Both of these words mean the same thing: they're the opposite of more. Their uses are what differentiate them.
Oh, you want to know what those are? Abso-fruitly. You're lucky we love grammar so much.
- Noncount nouns are things you can't count individually, like clutter, traffic, and sand
How would you like the task of sifting through every grain of sand on the beach? Not very much, we would guess. That's why we just don't bother to count 'em.
Relatedly, you can't make noncount nouns plural. We dare you to try. (And "the beautiful sands of Cabo" doesn't count.) Want to take a stab at defining count nouns?
- Count nouns are things you can count.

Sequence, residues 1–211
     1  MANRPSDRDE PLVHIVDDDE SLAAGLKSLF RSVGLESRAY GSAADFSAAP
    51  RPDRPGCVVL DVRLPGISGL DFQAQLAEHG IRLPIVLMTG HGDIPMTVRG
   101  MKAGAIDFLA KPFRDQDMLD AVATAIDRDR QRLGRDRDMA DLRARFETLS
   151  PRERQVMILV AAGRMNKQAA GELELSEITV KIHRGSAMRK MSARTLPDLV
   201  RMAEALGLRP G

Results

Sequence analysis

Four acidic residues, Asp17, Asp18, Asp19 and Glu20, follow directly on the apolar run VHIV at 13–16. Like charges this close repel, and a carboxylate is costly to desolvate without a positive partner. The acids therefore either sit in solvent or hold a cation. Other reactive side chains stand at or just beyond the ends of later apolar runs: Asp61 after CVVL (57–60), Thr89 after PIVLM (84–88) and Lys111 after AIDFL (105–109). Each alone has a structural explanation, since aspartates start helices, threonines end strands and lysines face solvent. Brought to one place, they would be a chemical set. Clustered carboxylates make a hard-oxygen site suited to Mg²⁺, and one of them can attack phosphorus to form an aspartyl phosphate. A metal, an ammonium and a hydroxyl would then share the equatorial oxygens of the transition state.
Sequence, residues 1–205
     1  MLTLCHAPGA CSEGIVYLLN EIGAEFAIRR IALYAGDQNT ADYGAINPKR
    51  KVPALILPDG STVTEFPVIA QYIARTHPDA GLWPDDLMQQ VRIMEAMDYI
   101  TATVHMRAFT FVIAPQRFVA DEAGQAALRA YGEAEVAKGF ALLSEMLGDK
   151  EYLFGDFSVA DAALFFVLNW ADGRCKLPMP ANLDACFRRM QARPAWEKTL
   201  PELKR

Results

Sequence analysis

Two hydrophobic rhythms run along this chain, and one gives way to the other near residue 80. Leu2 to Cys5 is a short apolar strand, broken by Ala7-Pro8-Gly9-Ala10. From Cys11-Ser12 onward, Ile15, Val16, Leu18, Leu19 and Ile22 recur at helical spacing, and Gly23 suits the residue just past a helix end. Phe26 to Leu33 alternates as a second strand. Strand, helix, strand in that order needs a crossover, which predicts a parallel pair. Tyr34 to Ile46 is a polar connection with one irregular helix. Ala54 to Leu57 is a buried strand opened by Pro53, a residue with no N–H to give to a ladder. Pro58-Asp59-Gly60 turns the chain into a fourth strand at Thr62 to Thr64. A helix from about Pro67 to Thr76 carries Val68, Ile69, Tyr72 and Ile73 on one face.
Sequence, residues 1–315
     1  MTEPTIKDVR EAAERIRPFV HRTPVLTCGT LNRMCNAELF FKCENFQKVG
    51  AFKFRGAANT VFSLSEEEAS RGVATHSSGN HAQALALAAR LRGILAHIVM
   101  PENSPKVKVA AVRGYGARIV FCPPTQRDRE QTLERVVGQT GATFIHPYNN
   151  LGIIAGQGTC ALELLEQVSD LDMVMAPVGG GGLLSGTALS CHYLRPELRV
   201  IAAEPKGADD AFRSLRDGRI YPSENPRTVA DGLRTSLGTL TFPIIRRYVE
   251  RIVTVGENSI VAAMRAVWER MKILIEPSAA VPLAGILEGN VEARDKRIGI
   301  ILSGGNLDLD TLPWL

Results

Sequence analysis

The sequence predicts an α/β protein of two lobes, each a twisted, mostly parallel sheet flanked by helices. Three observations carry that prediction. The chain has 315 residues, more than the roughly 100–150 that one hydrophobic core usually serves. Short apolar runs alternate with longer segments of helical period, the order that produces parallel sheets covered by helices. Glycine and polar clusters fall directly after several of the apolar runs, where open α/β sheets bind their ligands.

You see three cupcakes, and there are three of you at the table. If there were any fewer cupcakes, someone would have been really unhappy.
Though these definitions are easy to remember, some words can be tricky, so try this exception to the rule on for size:
Even though we count hours, dollars, and miles, you use the expression less than to describe time, money, and distance.
"Maybe if I took less AP classes I would have fewer stress-induced breakouts."
"Maybe if I took fewer AP classes I would have fewer stress-induced breakouts."
Which one of these sentences is correct?
The second one.
Why? Because we said so.
Oh, that explanation doesn't satisfy you? We expected as much, so we'll go on. You use less when you're talking about things you can't really count. And unless you have a time-turner like Hermione Granger, we're guessing you can count the number of AP classes you're taking.
We'd also guess that your stress-induced breakouts are pretty memorable (and annoying), so you can probably count those as well. That's why fewer is the correct word choice there.